Pain -- is it good or is it bad? When it comes to the gym, it's both and neither.
There are two kinds of pain people feel during and after intense resistance training:
1. Muscle fatigue and micro-tears of the muscles -- this is 'good pain.' This is what causes hypertrophy -- bigger muscles.
2. Connective tissue pain -- this is 'bad pain.' This is the feel of tendons and other connective tissue being pulled to the point of injury. And those of us who have experienced this pain know like love it is not necessarily forever, but it can feel like it.
I watch people workout and can almost tell you to the person who is going to get hurt -- as in 'bad hurt' -- as in the kind of hurt that puts them out of commission for a while or forever.
Here are the three categories of people who are hurt or about to get that way:
1. The Testosterone boys. These are the young guys who come in together, all worked up, do no stretching, warmup exercises, and try to handle weight way above their physical capacity in order to impress their buddies. Instead they leave hurt and I rarely see them again.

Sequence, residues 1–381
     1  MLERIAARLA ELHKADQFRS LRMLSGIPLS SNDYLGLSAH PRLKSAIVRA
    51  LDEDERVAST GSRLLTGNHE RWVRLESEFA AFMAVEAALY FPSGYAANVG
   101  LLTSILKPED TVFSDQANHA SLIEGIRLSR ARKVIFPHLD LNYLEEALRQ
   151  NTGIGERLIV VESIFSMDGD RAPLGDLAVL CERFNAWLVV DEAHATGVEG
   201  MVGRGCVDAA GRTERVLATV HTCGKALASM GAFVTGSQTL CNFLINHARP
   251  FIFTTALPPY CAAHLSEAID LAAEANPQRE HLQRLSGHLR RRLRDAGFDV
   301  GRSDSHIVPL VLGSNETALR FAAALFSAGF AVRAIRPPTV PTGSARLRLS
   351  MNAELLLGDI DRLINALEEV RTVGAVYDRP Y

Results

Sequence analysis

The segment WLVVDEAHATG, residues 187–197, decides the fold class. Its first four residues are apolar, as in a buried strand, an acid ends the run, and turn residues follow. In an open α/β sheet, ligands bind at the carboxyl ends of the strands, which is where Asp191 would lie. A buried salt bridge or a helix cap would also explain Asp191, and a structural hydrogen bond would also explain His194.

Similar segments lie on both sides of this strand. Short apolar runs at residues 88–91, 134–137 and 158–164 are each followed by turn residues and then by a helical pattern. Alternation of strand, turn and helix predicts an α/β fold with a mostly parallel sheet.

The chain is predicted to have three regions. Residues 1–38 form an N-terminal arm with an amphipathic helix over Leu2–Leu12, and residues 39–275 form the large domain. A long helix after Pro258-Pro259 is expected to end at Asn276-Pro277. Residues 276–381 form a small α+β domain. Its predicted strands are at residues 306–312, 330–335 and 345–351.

2. Look What I Can Lift guys. Mostly guys, but some girls, too, and here's the problem -- they are more interested in how much weight they can handle rather than their look and overall physical condition. They are powerlifters or wanna-be powerlifters. They almost always go down to injury.
3. To Hell With The Form folks. These people never learned to lift right -- don't know what range of motion means, what the squeeze is, how many sets or reps are ideal, and mostly how to perform a repetition with heavy weight in a way that minimizes risk of injury. They need a trainer before they hurt themselves. Unfortunately, most of them hurt themselves and then decide they need a trainer.
There is a fine line between not putting 100% into your workouts and getting poor results and putting too much into the workout and ending up injured.
After spending a lot of time in the gym, you get better. You know the difference between 'good pain' and 'bad pain.' Better than having to learn the difference by trial and error is to avoid being in one of the three categories I discussed above.
Train hard; diet harder!